Enhancing Fire Department Home Visiting Programs: Results of a Community Intervention Trial
Published Date:2013 Jul-Aug
Source:J Burn Care Res. 34(4):e250-e256.
Funding:R01 HD059216/HD/NICHD NIH HHS/United States
R01HD059216/HD/NICHD NIH HHS/United States
R18CE001339/CE/NCIPC CDC HHS/United States
This study evaluates the impact of an enhanced fire department home visiting program on community participation and installation of smoke alarms and describes the rate of fire and burn hazards observed in homes.
Communities were randomly assigned to receive either a standard or enhanced home visiting program. Prior to implementing the program, 603 household surveys were completed to determine comparability between the communities. During a one year intervention period, 171 home visit events took place with 8,080 homes.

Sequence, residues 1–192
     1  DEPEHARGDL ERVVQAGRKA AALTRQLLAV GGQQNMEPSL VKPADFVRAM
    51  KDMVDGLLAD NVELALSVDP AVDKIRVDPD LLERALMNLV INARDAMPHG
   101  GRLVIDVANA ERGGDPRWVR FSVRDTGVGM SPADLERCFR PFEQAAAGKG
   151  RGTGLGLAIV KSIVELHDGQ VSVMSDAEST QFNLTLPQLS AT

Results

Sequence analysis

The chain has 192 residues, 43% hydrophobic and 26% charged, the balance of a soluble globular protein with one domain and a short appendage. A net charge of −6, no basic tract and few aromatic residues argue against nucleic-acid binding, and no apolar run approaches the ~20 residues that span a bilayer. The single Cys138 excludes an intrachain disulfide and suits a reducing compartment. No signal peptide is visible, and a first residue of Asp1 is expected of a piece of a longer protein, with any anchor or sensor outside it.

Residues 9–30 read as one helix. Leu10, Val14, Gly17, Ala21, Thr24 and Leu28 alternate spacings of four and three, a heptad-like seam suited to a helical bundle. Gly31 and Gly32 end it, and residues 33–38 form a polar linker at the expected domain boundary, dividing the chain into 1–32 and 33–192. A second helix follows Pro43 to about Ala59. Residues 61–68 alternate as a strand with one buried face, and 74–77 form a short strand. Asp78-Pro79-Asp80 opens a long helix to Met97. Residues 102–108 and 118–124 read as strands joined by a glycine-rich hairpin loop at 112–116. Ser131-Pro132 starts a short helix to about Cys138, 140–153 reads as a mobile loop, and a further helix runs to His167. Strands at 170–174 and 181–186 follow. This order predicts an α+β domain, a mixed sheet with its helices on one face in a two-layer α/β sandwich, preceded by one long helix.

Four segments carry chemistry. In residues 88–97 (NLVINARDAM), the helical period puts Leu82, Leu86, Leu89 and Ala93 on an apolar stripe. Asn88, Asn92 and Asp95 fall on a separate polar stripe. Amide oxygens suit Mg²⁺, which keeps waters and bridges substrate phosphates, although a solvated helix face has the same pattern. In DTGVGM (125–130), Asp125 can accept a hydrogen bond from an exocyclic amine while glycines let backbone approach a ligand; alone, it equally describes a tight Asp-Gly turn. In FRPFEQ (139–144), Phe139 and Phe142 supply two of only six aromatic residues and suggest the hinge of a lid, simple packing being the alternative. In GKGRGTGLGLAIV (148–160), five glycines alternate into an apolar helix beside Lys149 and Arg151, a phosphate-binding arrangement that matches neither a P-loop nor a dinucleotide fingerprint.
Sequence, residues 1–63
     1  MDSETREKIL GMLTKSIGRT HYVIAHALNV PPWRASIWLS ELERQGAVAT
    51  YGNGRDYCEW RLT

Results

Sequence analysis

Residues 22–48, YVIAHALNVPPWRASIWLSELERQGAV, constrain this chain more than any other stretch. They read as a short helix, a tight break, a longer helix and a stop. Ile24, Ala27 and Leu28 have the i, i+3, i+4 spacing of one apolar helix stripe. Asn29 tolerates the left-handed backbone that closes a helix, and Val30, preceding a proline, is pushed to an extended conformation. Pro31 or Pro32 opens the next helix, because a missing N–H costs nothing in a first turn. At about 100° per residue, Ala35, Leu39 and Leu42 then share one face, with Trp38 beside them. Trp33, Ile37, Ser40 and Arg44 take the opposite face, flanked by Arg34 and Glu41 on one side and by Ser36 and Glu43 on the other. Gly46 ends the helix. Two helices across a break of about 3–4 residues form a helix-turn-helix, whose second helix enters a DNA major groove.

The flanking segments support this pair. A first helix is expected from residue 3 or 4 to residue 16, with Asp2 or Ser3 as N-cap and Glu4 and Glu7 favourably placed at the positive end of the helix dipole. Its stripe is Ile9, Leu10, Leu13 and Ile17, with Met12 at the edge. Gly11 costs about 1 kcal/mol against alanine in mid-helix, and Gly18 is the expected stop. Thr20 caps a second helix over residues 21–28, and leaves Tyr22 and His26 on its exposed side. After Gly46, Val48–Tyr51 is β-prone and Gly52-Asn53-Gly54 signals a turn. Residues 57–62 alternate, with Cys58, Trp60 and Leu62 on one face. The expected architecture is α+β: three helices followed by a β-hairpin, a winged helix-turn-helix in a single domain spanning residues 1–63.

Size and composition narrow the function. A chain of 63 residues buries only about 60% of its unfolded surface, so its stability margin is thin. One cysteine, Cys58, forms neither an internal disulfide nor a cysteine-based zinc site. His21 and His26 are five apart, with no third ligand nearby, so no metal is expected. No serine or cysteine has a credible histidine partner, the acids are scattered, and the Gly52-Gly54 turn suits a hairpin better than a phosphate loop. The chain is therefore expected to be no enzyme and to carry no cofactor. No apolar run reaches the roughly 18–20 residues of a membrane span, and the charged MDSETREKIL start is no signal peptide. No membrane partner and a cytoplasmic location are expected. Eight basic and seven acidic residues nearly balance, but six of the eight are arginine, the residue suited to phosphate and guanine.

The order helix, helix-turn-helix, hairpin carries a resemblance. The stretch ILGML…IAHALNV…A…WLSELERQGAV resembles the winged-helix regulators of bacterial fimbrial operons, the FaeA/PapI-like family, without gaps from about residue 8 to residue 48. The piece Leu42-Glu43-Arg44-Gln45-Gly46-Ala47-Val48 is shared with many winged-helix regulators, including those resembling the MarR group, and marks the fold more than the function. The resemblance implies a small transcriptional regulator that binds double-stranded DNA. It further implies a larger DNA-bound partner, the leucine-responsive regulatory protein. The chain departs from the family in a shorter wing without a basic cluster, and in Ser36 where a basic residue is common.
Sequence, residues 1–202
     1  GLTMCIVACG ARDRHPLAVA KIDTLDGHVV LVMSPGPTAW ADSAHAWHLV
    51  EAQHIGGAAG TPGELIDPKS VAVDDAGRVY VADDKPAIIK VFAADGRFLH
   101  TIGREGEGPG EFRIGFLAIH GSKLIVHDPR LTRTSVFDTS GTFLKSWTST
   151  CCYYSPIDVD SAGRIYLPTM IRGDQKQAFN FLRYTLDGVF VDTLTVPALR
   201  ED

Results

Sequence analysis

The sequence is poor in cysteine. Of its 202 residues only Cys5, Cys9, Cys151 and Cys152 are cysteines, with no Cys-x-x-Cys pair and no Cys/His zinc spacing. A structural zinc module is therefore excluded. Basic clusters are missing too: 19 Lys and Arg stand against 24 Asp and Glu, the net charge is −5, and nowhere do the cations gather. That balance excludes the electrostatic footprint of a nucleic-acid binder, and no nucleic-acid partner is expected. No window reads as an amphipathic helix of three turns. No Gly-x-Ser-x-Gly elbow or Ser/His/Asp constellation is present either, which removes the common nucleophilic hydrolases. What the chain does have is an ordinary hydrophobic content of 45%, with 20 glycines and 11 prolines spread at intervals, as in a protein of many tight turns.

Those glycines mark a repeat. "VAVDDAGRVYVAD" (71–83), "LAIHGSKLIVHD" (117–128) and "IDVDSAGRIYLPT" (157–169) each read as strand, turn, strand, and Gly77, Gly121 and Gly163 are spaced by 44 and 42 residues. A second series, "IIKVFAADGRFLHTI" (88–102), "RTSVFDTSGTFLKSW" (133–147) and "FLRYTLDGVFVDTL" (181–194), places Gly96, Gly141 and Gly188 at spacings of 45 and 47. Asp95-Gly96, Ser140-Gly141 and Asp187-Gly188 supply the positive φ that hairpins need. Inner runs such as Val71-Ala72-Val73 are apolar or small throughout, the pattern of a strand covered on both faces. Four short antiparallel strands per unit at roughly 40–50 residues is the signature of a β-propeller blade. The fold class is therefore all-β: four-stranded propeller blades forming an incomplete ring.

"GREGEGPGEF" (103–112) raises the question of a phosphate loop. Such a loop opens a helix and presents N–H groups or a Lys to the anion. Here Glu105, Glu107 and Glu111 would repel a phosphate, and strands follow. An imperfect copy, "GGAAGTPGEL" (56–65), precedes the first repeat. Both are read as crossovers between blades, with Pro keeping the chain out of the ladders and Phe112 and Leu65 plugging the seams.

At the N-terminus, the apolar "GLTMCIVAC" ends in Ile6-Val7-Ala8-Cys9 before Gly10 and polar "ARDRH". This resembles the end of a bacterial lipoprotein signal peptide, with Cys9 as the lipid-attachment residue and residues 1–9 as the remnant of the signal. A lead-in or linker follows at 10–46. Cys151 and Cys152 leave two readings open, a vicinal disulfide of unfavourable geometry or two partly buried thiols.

At baseline, 60% of homes did not have working smoke alarms on every level; 44% had unsafe water temperatures; and 72% did not have CO alarms. Residents in the enhanced community relative to those in the standard community were significantly more likely to let the fire fighters into their homes (75% vs 62%). Among entered homes, those in the enhanced community were significantly more likely to agree to have smoke alarms installed (95% vs 92%), to be left with a working smoke alarm on every level of the home (84% vs 78%) and to have more smoke alarms installed per home visited (1.89 vs 1.74).
The high baseline rates of home hazards suggest that fire department home visiting programs should take an “all hazards” approach. CHWs and other community partnerships can be effective in promoting fire departments’ fire and life safety goals. Public health academic centers should partner with the fire service to help generate evidence on program effectiveness that can inform decision making about resource allocation for prevention.
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